According to the Center for Disease Control and Prevention:Head lice can be a nuisance but they have not been shown to spread disease. Personal hygiene or cleanliness in the home or school has nothing to do with getting head lice.
Both the American Academy of Pediatrics (AAP) and the National Association of School Nurses (NASN) advocate that "no-nit" policies should be discontinued. "No-nit" policies that require a child to be free of nits before they can return to schools should be discontinued for the following reasons:
- Many nits are more than ¼ inch from the scalp. Such nits are usually not viable and very unlikely to hatch to become crawling lice, or may in fact be empty shells, also known as 'casings'.
- Nits are cemented to hair shafts and are very unlikely to be transferred successfully to other people.
- The burden of unnecessary absenteeism to the students, families and communities far outweighs the risks associated with head lice.
- Misdiagnosis of nits is very common during nit checks conducted by nonmedical personnel.
According to health services records, the Holden R-III School District has reported 19 students with head lice in the 2015-2016 school year. The Holden R-III School District reported 21 students with head lice in the 2013-2014 school year and 17 students with head lice during the 2014-2015 school year. Throughout Missouri, school districts' head lice procedures vary. The Holden R-III School District's procedure below is based upon the recommendations of the Center of Disease Control and Prevention and the Missouri Department of Health.
Holden R-III Head Lice Procedure (Updated February 26, 2016)
The school district observes the following procedure regarding head lice:
1. Holden Elementary students are screened for head lice two times per year. The first screening is held within the first week of school and the second screening is conducted on the second day after students return from Christmas break.
2. The nurse will check middle school and high school students who are living in the same household as elementary students diagnosed with lice during the screening. Parents of students with lice are contacted and asked to pick up their child(ren) from school. Parents are given information on how to treat the head lice at that time. The school also provides the supplies necessary to treat the student if parents are unable to provide this. The school also will transport the student home if parents are unable to pick up their child.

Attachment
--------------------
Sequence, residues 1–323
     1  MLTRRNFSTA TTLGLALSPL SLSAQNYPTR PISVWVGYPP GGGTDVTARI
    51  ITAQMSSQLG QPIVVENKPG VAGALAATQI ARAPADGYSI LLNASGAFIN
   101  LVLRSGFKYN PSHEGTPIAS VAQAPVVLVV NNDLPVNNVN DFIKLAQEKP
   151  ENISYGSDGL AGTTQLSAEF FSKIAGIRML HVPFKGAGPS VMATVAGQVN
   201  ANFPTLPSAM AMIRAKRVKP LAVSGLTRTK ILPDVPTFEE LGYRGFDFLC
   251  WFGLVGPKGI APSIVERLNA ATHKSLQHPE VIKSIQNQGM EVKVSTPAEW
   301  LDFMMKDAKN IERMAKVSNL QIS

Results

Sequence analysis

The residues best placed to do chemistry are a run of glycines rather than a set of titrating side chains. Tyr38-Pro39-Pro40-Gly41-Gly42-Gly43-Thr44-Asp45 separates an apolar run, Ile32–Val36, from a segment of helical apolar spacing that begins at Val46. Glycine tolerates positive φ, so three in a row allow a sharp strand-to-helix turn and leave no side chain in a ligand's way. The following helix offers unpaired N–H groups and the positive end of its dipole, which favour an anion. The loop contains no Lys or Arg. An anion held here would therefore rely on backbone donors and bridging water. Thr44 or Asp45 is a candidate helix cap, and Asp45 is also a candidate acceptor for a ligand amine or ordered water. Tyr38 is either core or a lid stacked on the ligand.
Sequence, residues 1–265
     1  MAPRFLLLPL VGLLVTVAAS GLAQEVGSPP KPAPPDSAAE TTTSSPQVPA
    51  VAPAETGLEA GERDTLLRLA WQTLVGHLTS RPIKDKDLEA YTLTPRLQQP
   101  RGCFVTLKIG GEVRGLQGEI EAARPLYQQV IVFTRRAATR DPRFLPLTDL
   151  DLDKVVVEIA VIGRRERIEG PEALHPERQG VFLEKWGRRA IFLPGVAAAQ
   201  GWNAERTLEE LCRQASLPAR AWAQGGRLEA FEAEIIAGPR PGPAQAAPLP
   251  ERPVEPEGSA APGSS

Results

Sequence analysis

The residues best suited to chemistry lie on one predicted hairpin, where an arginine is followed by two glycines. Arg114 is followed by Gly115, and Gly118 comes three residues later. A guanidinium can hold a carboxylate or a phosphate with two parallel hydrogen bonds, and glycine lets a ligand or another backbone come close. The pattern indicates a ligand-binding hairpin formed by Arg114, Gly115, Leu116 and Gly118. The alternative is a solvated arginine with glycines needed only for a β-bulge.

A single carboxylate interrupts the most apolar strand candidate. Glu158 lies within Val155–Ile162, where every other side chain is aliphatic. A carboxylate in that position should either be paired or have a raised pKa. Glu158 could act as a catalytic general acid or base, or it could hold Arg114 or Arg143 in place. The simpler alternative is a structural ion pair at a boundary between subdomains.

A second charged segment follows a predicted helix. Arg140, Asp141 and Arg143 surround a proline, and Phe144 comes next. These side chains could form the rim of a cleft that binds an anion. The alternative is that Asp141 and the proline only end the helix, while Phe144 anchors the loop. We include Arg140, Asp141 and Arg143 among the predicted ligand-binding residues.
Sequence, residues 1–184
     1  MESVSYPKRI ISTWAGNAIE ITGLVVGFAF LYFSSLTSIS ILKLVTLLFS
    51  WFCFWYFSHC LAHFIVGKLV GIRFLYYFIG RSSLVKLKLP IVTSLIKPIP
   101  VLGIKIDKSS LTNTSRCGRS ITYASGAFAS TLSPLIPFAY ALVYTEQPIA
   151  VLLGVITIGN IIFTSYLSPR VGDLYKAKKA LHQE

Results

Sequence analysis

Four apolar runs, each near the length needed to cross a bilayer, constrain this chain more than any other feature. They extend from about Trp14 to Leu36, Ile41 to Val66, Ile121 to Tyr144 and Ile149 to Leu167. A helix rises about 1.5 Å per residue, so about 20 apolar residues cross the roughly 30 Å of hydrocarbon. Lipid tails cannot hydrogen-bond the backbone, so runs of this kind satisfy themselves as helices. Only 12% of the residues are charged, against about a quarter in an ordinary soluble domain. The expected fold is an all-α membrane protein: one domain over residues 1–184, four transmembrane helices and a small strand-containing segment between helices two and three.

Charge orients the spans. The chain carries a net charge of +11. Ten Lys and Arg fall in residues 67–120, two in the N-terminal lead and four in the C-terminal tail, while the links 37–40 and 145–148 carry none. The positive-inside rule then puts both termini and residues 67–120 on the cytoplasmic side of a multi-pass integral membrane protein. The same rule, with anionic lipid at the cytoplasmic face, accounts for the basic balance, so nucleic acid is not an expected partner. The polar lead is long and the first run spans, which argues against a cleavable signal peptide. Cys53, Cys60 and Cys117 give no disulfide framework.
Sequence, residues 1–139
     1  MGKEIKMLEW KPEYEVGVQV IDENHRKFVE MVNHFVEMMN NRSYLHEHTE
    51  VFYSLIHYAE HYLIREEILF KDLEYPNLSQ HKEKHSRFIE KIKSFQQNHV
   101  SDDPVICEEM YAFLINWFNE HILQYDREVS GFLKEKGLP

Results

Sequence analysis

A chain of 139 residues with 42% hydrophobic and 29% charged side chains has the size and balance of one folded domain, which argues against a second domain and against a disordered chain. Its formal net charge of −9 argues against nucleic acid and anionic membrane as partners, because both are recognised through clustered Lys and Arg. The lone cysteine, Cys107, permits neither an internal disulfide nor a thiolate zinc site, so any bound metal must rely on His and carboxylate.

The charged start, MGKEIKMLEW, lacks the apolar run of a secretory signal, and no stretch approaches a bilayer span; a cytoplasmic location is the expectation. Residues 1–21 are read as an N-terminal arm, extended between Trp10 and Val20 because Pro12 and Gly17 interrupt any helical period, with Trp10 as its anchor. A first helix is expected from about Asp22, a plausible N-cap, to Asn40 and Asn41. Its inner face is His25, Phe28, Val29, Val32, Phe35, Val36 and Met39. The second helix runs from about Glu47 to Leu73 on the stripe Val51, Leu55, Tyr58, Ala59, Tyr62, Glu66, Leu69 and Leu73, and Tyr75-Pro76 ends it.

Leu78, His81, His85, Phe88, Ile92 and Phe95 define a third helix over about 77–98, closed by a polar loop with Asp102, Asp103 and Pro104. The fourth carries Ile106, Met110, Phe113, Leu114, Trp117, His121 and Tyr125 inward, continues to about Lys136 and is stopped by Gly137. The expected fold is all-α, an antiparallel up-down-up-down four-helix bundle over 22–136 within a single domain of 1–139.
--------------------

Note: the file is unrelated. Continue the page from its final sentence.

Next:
3. Students who are sent home due to head lice are checked by the nurse after they have been treated. Students are allowed to return to class if there are no live lice present on their head. Parents are notified if there are still nits on the student’s head but they are allowed to return to class. Students that are found to have live lice for a second time will be sent home and will not be allowed to return to school until the student is live lice free and nit-free.
4. Students who are sent home with head lice are not permitted to ride the bus to school until they have been rechecked and cleared by the nurse. If parents are unable to pick up the child, the school may treat the student at school with parent permission.
5. When there are several cases of head lice in a particular classroom, students are required to put their coats, hats, gloves, etc.. in plastic trash bags before hanging them on the coat hooks unless the classroom has individual cubbies for the students.
6. In classrooms where there have been several students with head lice, a letter is sent to parents of the children in that classroom to alert them to the situation and to provide information on ways to prevent the spread of lice.
Heartland Healthy Heads 24 Hour Lice Line: (913) 730-NITS (6487)Heartland Healthy Heads provides education and community awareness to assist with prevention and control of head lice. For more information, visit http://heartlandhealthyheads.com/